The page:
> The "1;" has no significance.

In this particular example, it's cargo cult. Otherwise, it's a silly
hack for distinguishing function files from scripts. The way the
Matlab/Octave language works is that if the first statement is a
function definition, then that file is treated as a function file. The
1; is a trick to not make the first statement a function definition,
hence make the file is a script file. Here it's unnecessary because
the statement in that file immediately following the 1; is not a
function definition.

>> Also what does the arg function do?

It's the argument (angle) of a complex number

>> (more generally is there a resource where I can type in an octave
>> function name and find out what it does?)

Yes, Octave is such a resource. Type "help foo" to figure out what foo
does.

You can also use this:

     http://octave.sourceforge.net/functions_by_alpha.php

HTH,
- Jordi G. H.
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Re: ARG?

Bazman76
Thanks to both of you.

I thought arg might be equivalent to phase but its use seems strange that it is used here?

The author seems to be using

badidx=find(abs(arg(S))>0);

to test if S is complex at any point in the array.

But if that is the case why not use isreal()?

And I don't see how S could be complex from the code above?

The only square root used is rdt which is stricly positive?
Can randn produce complex numbers?? (surely not)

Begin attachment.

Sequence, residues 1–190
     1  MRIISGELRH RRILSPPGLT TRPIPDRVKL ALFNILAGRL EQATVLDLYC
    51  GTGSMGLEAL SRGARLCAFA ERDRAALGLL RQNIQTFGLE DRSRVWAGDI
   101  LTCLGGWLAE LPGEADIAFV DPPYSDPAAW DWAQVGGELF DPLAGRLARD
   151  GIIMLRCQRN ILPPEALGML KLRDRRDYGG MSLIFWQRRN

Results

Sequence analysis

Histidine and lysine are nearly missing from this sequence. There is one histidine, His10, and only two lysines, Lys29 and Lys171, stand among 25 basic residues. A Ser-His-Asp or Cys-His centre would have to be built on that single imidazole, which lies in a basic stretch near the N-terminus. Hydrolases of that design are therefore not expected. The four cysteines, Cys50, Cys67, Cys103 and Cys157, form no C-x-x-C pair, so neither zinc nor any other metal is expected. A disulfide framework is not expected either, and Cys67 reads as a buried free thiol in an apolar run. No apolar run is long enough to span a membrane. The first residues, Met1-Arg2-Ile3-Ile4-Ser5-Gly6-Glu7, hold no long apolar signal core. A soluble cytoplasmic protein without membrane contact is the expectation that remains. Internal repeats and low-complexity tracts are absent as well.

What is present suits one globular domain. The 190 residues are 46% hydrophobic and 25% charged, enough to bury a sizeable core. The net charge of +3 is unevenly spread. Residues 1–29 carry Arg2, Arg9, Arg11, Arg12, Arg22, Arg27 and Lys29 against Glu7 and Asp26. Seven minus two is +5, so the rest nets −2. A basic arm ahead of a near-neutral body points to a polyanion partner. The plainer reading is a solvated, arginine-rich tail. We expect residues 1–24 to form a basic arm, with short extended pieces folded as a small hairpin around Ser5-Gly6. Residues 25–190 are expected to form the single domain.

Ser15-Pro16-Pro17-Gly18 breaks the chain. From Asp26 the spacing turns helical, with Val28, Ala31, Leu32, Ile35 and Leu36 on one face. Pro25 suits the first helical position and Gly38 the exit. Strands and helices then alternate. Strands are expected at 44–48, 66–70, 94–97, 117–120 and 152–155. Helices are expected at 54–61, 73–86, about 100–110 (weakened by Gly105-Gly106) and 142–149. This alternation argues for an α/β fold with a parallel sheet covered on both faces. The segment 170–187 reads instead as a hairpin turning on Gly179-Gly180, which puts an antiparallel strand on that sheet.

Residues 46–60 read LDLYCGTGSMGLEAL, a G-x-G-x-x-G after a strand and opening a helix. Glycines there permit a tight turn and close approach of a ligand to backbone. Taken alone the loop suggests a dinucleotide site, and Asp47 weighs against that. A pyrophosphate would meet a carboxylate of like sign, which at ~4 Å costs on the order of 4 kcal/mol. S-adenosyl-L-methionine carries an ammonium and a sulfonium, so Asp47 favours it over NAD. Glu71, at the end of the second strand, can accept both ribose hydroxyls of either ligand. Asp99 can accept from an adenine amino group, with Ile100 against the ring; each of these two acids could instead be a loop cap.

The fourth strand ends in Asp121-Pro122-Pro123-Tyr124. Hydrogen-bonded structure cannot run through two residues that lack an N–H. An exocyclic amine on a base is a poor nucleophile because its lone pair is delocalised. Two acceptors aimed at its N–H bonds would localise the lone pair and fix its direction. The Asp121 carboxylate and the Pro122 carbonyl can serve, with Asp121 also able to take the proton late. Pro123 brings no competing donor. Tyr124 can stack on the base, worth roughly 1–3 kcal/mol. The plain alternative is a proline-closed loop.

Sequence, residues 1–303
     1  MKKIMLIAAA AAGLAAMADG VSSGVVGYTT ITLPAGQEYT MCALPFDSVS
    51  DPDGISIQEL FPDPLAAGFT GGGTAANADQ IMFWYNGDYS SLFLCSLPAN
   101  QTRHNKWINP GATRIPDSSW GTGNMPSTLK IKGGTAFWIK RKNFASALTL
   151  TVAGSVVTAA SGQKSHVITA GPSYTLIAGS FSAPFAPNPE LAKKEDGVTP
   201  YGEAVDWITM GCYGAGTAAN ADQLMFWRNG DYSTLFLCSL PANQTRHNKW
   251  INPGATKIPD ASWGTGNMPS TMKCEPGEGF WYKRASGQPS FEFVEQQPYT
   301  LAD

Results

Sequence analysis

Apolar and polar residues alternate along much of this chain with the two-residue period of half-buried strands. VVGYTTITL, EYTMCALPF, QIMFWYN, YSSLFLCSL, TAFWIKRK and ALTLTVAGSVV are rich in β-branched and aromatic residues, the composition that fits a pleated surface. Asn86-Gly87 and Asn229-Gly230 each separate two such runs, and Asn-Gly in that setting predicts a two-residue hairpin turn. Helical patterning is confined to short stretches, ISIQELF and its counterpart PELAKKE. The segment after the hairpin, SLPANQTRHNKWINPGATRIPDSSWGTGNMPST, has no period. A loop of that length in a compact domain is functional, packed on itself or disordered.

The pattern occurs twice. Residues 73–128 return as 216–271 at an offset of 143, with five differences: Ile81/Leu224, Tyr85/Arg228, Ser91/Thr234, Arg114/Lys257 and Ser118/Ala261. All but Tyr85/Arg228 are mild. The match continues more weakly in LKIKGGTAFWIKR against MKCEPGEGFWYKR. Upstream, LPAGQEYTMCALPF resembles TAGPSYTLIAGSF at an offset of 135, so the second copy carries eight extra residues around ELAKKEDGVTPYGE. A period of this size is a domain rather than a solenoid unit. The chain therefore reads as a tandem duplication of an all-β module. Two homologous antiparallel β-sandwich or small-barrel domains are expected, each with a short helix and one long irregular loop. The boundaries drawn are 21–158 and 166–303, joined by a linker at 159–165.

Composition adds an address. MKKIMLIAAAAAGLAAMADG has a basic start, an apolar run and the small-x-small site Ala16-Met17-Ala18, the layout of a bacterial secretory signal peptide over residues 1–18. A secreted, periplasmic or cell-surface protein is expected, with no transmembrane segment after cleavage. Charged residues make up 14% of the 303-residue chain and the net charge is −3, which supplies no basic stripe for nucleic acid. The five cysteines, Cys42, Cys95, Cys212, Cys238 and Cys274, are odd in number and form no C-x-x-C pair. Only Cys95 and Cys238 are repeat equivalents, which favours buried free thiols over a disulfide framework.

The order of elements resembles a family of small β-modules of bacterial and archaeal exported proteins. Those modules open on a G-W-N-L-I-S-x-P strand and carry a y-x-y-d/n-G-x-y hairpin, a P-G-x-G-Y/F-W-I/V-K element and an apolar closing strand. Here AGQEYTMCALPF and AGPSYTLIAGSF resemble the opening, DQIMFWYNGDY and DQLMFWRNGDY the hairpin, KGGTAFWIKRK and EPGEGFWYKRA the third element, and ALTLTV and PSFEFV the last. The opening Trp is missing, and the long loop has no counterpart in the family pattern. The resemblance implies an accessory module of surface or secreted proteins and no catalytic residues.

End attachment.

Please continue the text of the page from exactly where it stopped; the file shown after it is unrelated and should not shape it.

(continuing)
Baz

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Re: ARG?

James Sherman

The author seems to be using

badidx=find(abs(arg(S))>0);

to test if S is complex at any point in the array.

But if that is the case why not use isreal()?

While I am not a mind reader, one possibility is that he'd have to use something like 
arrayfun(@isreal, x)
since isreal is not an elementwise operation.  I'm not intimately familiar with isreal to know if there are any corner cases that this would prove problematic.
 
And I don't see how S could be complex from the code above?

S = S + r*S*dt + alphavec.* exp(r*(beta-1)*T).*S.^beta*rdt.*rndmat1(:,i);

Raises a number to the power beta, which has magnitude less than one, thus the result would be complex if an element of S is negative.

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Re: ARG?

Bazman76
Thank you James you answers are very helpful :-)